Mihiretu has been in a cast for close to a month. And while this period has had its inconveniences (don’t even get me started about the wheelchair in the rain, let alone trying to catch his pee in a disposable coffee cup in the wheelchair in the rain), it’s largely been excellent.
Mihiretu is, confoundingly, perfectly happy laying around, soaking up our attention. While I get plenty of sympathy from people imagining that he’d be going crazy with restlessness, given how active he is, the truth is he’s more peaceful than I’ve ever seen him. I’m always up for a pity party but in this case it’s not party time.
I wrote here a while back that this injury has contained him, something we’ve never experienced. We didn’t know him as a baby, only as a terrible two. This time is giving us the opportunity to make up for that. We carry him from room to room, from house to car, from car to wheelchair. We hold him over the toilet when he needs to poop. We spoon cereal in his mouth as he watches Avatar on the IPad. We take him on long, meandering, treat-fueled walks in the jogger stroller. We sleep next to him. We wake up, uncomplaining, in a puddle of his urine. We sponge him clean. We brush his teeth. We meet his every need and he is delighted.
The other night Ben and the girls went out to a friend’s. I stayed home with Mihiretu. At first he was very upset that his dad was leaving without him, that he was missing the party. But when I told him that I really wanted special time with him, the tears stopped on a dime.
I was lying with my head at the opposite end of his bed so that my feet were near his face. He reached out and poked my bare calf, making the lax muscle waggle.
“What is dis fat fing?” he asked. To which, of course, I laughed, my calf being one of the lone bodies parts on which I don’t obsess.
Egged on, he continued, caressing my leg. “I yuv you, you fat fing.”
I put “Toy Story” in the DVD player and snuggled up next to him, “Downton Abbey” playing on my laptop. He held my hand, every once in a while leaned in and whispered, “I yuv you, Mama.” He even told me, offhandedly, that his penis was hard. All in all, it was an excellent date. Just Mihiretu, me and the good Dr. Freud.
Mihiretu, for his out-sized personality, doesn’t want to look different. I guess we brought him home to the wrong county – sorry, kid. But for now it’s not his skin color he’s noticing. It’s his giant orange cast. Whenever we’re out and about, he requires that a blanket cover his lap in the wheelchair, completely hiding his leg. If we weren’t conspicuous before - white mom, loud brown child - now with me hunched over his teeny wheelchair, we make quite an impression. It was weeks before I realized that people were imagining him to be permanently disabled. When my friend, Elizabeth, walked him and the girls down the street for ice cream, she felt impelled to break the tension. “Broken leg, coming through,” she sang cheerfully and watched people sigh with relief. Maybe it’s all these years of people not knowing what to make of our family, but I’m not letting anyone off the hook. There’s a certain passive aggression in me, something that makes me think “I’m not going to put you at ease. I’m tired of putting you at ease.” Mostly, really, I’m just too busy trying to get from Point A to Point B. And so strangers think me some kind of surly saint. Not only do I adopt a black child, but a handicapped one at that. You can almost see my halo if you squint.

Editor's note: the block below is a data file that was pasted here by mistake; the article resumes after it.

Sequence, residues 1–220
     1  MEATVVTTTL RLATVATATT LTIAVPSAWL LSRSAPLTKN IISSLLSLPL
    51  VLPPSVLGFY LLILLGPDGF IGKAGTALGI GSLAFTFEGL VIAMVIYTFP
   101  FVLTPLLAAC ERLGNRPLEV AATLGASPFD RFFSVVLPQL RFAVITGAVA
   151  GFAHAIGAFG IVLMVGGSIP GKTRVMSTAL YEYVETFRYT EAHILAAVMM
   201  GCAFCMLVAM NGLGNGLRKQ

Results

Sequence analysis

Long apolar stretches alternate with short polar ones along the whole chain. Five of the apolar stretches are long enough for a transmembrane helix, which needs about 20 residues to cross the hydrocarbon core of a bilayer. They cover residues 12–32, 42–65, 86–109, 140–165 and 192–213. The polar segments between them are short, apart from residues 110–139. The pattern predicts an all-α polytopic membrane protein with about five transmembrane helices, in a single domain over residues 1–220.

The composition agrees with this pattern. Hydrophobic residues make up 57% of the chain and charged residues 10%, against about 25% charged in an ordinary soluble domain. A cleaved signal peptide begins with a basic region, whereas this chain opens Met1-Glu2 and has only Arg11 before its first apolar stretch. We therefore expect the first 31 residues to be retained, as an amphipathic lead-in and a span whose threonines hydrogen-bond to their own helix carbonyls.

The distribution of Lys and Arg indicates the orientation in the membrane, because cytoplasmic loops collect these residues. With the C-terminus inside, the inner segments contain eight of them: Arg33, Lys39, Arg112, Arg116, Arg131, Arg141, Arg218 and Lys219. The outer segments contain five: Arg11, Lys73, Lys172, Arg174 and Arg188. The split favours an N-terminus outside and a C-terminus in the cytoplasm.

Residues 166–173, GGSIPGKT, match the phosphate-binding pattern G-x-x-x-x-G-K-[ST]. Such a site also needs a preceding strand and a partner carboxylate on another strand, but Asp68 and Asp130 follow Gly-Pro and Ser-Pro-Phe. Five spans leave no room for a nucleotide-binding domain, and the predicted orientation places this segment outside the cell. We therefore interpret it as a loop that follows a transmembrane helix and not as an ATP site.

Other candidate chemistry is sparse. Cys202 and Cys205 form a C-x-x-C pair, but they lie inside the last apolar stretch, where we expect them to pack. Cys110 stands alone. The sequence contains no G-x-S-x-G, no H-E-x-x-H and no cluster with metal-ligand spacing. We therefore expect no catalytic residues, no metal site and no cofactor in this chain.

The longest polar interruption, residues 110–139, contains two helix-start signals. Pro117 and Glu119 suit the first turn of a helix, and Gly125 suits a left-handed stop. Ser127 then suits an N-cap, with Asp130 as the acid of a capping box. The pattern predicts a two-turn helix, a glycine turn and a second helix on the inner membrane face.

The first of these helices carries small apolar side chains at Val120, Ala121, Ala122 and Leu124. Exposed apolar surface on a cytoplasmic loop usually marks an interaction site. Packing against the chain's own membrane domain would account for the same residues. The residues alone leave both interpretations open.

And so we wheel on, me and my gorgeous, slightly broken son, him saying, karate hands flying “You wanna piece o’ me?” And more mysteriously, “You wanna piece o’ uncle?”
And: “Mama, I wanna tell you sum-tin. Mama? Mama?”
“When yo’ buthday comin’ up?” This is his big pick-up line, when he wants to demonstrate that he’s thinking of me, that he’s fond.
Then, reliably, “I yuv you, Mama.” If you had told me three years ago that this boy would be so devoted, this small tornado who glared at me and called me “Poopoomama”, I would have been shocked. And relieved beyond words.
“I love you, too, buddy,” I say, nesting one hand in his curls. “ Like crazy.”